Used largely as part of the Nannie Peak Loop, Walupt Lake and Creek are a nice little hike in their own right. While not big on views, the flat grade of this trail makes it a good outing for families, since the river partway through the route offers a good turnaround point if little legs get tired. If you want to keep exploring, head up to where this trail terminates at the Pacific Crest Trail, and see if you can meet some thru-hikers.
Starting in the Walupt Lake campground, set out on this flat trail. Less than 100 yards down the route, you'll need to fill out a Goat Rocks Wilderness permit (they're free, and kids might be interested in helping the group out by completing it).
Continue on down the trail, enjoying the cool forest and peek-a-boo views of the lake, as the way undulates gently along the hillside above. There are several short but steep trails that provide access to the lakeshore, though the beach back at the campground is probably a safer option for little ones.
Step carefully over rutted, rocky gullies, leftovers from when winter snowmelt swells streams. While there may not be water running in them when you visit, the rocks may be loose, so watch your step!
All around you there are second-growth trees and vivid green groundcover, including mosses and even vine maple in some sections. Before you know it, you'll make a somewhat steep climb to a high point. Listen closely here; the river you're about to come to is within earshot. Descend and hike upvalley just a bit, coming out on the banks of slow-moving Walupt Creek. There are two logs set up to help you cross with dry feet, but be aware that in high water (early to late spring) this may be a dangerous ford.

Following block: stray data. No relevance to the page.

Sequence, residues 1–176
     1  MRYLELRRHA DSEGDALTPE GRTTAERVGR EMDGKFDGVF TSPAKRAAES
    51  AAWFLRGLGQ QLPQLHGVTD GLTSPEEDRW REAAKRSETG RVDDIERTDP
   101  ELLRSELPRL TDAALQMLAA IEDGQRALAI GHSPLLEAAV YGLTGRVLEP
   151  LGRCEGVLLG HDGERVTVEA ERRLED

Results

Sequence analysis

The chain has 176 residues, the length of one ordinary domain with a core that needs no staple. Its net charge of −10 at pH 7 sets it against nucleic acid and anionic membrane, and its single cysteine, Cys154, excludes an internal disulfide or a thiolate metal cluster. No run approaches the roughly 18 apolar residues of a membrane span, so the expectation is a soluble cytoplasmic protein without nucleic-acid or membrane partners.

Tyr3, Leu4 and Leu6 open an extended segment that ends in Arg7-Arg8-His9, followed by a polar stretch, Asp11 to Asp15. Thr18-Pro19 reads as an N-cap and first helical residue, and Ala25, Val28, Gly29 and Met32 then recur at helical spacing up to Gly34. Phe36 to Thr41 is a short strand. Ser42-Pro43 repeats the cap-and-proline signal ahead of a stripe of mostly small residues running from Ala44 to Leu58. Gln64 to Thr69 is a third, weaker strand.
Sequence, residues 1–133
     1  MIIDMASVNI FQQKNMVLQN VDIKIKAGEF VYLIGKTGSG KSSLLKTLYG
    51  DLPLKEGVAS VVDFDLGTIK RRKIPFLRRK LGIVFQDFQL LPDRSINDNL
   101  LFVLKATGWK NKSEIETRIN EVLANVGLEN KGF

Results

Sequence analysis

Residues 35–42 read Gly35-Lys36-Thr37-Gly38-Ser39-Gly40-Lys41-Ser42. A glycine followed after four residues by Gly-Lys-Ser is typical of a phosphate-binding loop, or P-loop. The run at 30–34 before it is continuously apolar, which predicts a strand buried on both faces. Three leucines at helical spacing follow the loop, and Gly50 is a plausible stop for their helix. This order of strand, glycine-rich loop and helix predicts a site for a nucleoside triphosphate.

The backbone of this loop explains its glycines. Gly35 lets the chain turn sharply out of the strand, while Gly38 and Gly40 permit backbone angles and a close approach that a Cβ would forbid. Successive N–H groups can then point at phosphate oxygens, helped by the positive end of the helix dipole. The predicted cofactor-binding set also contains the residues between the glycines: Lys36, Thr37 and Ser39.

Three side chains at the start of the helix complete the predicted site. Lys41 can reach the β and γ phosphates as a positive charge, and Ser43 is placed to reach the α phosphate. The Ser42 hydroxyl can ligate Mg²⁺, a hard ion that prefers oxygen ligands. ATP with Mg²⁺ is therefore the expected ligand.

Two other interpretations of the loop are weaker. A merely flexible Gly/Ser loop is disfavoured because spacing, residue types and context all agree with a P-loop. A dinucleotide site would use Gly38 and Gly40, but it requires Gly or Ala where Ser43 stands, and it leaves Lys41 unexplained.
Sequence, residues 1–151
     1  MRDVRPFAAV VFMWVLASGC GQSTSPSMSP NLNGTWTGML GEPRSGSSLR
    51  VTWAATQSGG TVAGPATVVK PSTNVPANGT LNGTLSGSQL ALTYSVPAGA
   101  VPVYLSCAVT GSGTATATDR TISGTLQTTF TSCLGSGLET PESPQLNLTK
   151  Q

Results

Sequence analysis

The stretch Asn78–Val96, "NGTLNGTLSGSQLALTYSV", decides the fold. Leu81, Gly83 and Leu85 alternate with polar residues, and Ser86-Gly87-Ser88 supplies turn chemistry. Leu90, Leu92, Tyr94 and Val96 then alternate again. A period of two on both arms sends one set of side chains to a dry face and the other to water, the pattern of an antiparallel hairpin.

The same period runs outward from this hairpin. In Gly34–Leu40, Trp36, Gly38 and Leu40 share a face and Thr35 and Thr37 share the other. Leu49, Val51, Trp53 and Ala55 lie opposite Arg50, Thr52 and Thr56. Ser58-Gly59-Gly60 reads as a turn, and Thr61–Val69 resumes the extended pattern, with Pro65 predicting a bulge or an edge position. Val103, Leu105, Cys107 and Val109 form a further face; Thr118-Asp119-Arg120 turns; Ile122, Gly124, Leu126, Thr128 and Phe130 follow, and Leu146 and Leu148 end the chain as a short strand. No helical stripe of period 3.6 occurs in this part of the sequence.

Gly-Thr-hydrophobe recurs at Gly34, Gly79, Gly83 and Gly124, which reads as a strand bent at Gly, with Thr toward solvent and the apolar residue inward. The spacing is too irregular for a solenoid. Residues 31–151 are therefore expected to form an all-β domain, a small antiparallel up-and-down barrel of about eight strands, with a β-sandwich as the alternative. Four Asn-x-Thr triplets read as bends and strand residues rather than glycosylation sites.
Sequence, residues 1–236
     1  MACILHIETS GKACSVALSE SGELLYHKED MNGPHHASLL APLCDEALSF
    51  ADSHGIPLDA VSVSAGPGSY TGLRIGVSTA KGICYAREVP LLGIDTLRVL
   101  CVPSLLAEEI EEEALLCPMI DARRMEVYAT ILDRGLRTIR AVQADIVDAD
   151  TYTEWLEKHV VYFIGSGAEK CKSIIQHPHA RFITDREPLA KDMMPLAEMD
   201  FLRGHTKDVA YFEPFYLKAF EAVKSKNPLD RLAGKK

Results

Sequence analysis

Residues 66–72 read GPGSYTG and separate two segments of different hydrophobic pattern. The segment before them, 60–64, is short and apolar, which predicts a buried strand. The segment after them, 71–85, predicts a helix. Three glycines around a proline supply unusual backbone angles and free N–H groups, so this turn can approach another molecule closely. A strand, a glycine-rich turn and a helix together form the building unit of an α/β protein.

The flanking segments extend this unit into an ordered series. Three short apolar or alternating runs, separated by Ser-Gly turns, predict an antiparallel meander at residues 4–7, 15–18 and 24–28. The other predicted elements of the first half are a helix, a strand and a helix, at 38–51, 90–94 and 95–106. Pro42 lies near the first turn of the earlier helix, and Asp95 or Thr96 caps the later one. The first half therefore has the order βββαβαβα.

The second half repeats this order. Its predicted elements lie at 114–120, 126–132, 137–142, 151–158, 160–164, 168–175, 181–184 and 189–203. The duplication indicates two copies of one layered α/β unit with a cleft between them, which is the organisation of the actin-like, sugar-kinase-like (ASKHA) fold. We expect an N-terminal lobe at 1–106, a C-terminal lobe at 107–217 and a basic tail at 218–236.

Stop and rest here, or cross if it's safe and your group has the energy. Continuing up, follow a rooty, rutted path out of the river bottom and up to where the tread improves. The trail here climbs more steeply, and in a mile and a half you're carried up out of the dark forest into an airier, light-filled, fragrant woodland. Small camps and water sources to the side of the trail indicate usage from PCT thru-hikers. These folks pass through from mid-July to late August, and you'll likely meet some at the junction 4.4 miles from the trailhead, where your hike ends.
WTA Pro Tip: To continue on, it's possible to loop this trail with Nannie Ridge-Sheep Lake to make the Nannie Peak Loop, or to head south on the PCT through a marshy bottomland, connecting with the Coleman Weedpatch and then walking 1.5 miles back to the campground from that trailhead.